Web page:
and to be able to prove that life must evolve in very general circumstances.
At present we are far from being able to do this. But I’ll discuss some partial steps
in this direction plus what I regard as a possible future line of attack.2009-04-162009-04-162006-07Technical ReportCDMTCS Research Reports CDMTCS-282 (2006)1178-3540http://hdl.handle.net/2292/3789CDMTCS Research Report Serieshttps://researchspace.auckland.ac.nz/docs/uoa-docs/rights.htmThe author(s)http://purl.org/eprint/accessRights/OpenAccessDepartment of Computer Science, The University of Auckland, New Zealandoai:researchspace.auckland.ac.nz:2292/37732012-02-02T23:23:18Zcom_2292_122col_2292_3508Network Event Detection with T-EntropyEimann, RSpeidel, UBrownlee, NYang, JThis paper describes an entropy-based approach for the detection of network events.
This is achieved by first converting a stream of network packets into a string and then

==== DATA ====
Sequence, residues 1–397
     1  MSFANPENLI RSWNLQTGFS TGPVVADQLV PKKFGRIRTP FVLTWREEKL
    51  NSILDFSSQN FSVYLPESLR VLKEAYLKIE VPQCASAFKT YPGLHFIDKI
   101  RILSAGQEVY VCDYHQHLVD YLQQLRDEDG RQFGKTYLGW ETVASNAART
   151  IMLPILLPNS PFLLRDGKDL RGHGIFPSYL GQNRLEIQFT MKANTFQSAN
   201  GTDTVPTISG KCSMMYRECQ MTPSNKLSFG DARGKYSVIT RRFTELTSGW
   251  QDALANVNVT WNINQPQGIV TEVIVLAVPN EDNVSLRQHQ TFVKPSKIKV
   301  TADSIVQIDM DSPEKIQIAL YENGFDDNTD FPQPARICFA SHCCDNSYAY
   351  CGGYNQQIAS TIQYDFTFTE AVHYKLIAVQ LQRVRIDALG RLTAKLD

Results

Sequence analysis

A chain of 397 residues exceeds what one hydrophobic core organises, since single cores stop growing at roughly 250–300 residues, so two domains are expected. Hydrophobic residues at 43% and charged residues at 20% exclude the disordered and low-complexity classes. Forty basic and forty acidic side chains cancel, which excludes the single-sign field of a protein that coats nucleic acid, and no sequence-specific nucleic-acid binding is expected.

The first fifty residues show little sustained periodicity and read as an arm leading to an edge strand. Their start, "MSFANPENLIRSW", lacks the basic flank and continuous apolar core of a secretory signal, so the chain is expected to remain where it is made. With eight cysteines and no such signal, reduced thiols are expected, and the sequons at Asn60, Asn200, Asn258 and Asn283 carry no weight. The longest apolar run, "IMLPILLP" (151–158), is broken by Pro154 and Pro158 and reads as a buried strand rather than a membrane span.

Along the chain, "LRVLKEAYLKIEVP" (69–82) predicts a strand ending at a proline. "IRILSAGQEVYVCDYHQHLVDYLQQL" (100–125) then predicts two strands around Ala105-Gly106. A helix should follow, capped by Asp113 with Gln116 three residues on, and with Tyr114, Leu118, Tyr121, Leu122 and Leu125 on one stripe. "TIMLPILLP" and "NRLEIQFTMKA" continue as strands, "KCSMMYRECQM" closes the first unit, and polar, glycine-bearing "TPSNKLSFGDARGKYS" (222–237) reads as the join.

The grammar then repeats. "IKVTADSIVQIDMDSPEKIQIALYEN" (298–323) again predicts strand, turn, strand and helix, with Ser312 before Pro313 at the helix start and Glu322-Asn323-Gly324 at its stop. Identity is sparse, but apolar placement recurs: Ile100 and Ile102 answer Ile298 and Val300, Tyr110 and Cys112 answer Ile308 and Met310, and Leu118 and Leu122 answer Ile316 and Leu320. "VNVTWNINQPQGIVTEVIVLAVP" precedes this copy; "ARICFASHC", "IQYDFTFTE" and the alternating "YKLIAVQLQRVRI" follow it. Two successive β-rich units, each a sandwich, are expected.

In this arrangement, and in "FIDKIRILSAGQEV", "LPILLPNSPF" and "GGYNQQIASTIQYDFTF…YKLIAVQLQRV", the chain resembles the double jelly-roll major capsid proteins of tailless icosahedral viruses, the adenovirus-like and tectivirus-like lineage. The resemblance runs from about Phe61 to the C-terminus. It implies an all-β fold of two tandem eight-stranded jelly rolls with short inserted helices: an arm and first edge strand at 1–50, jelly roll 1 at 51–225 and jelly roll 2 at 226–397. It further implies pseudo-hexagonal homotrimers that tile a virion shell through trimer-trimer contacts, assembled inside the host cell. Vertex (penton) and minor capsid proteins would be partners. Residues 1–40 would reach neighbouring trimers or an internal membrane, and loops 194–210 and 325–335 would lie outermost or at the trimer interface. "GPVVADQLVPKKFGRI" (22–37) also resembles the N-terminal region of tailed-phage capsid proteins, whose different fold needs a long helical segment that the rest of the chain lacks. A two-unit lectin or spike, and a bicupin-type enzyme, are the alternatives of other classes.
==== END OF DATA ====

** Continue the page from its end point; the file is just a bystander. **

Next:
computing its approximate average entropy rate using a computable complexity measure.
Changes in the average entropy rate are interpreted as events. The computational
complexity of the presented approach is nearly linear which makes this technique suitable
for online scenarios. We present the results of several measurements on actual
network data and show that it is indeed possible to associate actual network events
with changes in entropy.2009-04-162009-04-162005-05Technical ReportCDMTCS Research Reports CDMTCS-266 (2005)1178-3540http://hdl.handle.net/2292/3773CDMTCS Research Report Serieshttps://researchspace.auckland.ac.nz/docs/uoa-docs/rights.htmThe author(s)http://purl.org/eprint/accessRights/OpenAccessDepartment of Computer Science, The University of Auckland, New Zealandoai:researchspace.auckland.ac.nz:2292/36422012-02-02T23:23:15Zcom_2292_122col_2292_3508Computational Methods and New Results for Chessboard ProblemsKearse, M.DGibbons, P.BWe describe various computing techniques for tackling chessboard domination problems